I still remember the day that popular girl cried in front of my PE teacher in middle school. It was a windy day in Fall, dust was blowing from the ground, mixed with leaves, kept brushing against my legs. Beijing's Fall is strikingly beautiful, the city is surrounded with mountains covered in red and gold leaves, clouds seem so high in the sky, and every once in a while, a team of traveling birds would fly toward the south. Even the air smells different in Fall--it's a mixture of fresh fallen leaves, burning branches, thin air, warm wool, and a bit dust...it's a smell I am still trying to discover in today's perfumery.
On that particular day, my young, just-out-of-college PE teacher called out this girl's lies. Here is the story: every time we had PE, some girls in my class would use "the friend of the month" as an excuse to get out of running laps. I was never keen in running, but I never had the guts to use that excuse to skip running. I was too embarrassed to tell the teacher--and the rest of the class--my monthly cycle. The girls who were excused would sat on the bleachers, chewed gums, gossiped, and checked out boys, while I tried hard to catch my breath with every single running step, with the taste of dust in my mouth.
Some girls would use this excuse every two weeks; they thought being a man, our PE teacher would never know. Especially this girl, she would use this excuse every week.
They thought wrong.
I assume that my PE teacher finally got fed up, so when this girl walked up to him again in the beginning of the class and presented her lame excuse, with flashed red cheeks--either from anger or embarrassment--he said, "Look, I know it is impossible for any girl to have period every week for a month!" She stood there and cried.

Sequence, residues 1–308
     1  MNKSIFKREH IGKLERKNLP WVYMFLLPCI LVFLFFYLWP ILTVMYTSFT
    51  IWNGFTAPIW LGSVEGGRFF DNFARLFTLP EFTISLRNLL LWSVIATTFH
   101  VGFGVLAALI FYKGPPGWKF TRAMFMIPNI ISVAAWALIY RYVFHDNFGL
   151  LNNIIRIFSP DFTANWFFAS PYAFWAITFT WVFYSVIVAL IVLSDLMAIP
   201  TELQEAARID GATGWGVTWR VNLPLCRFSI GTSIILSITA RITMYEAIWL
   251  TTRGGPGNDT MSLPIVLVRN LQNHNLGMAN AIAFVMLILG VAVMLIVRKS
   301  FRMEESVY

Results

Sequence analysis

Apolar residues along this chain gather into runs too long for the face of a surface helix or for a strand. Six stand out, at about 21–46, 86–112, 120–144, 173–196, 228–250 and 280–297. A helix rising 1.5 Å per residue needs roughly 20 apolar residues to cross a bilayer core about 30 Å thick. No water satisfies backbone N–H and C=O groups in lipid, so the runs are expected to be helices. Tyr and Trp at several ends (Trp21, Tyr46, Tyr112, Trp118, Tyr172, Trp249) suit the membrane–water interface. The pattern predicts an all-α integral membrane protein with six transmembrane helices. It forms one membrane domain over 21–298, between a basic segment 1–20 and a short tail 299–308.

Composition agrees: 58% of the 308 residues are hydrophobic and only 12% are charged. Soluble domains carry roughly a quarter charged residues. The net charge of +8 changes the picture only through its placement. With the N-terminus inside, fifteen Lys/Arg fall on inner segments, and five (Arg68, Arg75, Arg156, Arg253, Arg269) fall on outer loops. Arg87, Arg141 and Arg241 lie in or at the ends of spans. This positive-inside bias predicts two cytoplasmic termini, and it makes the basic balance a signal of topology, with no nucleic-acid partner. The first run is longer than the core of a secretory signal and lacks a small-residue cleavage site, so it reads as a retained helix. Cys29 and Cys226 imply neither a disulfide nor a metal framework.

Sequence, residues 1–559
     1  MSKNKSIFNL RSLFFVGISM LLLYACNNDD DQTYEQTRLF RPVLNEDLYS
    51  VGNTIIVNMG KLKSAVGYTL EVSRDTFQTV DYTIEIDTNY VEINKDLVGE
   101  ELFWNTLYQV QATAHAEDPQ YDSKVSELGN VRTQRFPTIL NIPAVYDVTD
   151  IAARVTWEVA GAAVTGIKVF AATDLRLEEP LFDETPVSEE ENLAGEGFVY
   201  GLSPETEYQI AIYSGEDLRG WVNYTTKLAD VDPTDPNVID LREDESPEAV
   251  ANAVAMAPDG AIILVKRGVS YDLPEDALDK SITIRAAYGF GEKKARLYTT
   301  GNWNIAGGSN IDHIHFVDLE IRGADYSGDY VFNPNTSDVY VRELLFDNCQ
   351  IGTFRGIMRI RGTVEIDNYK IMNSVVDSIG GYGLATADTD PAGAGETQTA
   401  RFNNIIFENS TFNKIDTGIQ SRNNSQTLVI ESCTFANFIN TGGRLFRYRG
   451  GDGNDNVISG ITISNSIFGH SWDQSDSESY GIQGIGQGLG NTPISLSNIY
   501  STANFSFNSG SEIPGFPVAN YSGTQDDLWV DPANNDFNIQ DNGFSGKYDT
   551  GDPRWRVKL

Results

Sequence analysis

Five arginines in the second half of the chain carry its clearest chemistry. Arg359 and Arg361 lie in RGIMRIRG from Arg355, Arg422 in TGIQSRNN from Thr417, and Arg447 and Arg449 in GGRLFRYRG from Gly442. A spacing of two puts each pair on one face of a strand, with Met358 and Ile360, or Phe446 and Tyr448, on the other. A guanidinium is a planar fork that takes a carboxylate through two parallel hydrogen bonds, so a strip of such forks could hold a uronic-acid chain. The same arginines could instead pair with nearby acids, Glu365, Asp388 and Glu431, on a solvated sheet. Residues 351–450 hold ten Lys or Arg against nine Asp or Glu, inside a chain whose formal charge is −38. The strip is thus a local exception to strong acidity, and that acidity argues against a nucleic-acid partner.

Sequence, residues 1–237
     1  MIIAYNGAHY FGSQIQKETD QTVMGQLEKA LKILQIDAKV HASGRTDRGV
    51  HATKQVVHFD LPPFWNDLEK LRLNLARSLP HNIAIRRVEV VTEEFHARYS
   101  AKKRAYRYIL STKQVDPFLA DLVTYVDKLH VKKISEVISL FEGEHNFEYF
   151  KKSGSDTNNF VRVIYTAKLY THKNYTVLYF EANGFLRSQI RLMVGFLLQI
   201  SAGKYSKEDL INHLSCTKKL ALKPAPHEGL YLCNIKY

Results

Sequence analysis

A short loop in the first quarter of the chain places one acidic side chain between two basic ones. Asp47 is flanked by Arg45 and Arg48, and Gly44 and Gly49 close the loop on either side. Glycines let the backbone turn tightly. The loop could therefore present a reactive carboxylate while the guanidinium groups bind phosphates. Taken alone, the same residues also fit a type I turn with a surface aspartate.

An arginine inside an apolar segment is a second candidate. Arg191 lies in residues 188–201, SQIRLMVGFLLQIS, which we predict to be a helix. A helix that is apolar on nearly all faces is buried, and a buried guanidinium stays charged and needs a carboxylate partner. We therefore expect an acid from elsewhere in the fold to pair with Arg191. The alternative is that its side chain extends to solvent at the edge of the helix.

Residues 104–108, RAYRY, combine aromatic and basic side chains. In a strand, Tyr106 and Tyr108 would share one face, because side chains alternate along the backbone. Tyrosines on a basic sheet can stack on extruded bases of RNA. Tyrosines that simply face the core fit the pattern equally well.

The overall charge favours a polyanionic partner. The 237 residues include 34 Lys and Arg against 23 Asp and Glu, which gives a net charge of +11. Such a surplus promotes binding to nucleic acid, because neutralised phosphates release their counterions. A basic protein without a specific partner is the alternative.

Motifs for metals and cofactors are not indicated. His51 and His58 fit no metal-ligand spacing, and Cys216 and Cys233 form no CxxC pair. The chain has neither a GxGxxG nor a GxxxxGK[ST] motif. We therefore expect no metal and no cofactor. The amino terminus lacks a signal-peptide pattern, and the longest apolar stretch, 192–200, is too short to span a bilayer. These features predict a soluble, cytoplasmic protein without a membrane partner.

I don't ever want to make my students cry, even if they present me with some of the most lame excuses. But toward the end of last semester, a young man cried in front of everyone in class.
We were going over Persuasive Speeches and I divided them into teams to put together an informal team presentation. Each team drew a speech pattern they had to follow, and they all had one specific purpose for the speech: to persuade Professor L that our Communication class is the best among all six. Pro. L was observing my class, so they thought this would be a fun topic for practicing persuasive speech.
The class had great energy. So far, the speeches were great--inspirational, humorous, or even somewhat exaggerating. Then this team got up and started their presentation. Following a Narrative pattern for their speech, R began. "Once upon a time, there was a young boy named A from Sweden, he left home and came to America, by himself, to attend college," then he pointed at A, indicating the next part of the speech. I was eager to hear from A about his personal story.
"When that young boy arrived in America, he didn't know anyone, didn't have any friends, he was alone. On the first day of registration, he really didn't know what classes to take. He needed 3 more credits and saw that there is still room left in a Communication class. So he took it and didn't think much of it, he wanted to use it to fill his credits," A slipped his hands into his pockets, his eyes moistened. "little did he know he love this class, he looks forward to it. Not only he made many friends in this class, it has become a family." His eyes turned red, tears were rolling out of the corners. The entire class went silent, then quickly followed by various "aw's" and sniffling. Prof. L was wiping her eyes, too. I stood there, my heart was touched and wrapped with warmth; the memories of myself when I first came to the U.S. rushed to my mind...I tried hard not to cry in front of the class.
It's time like this I once again ensure myself that I have the best job in the world.
Have you ever witnessed someone shed tears of joy?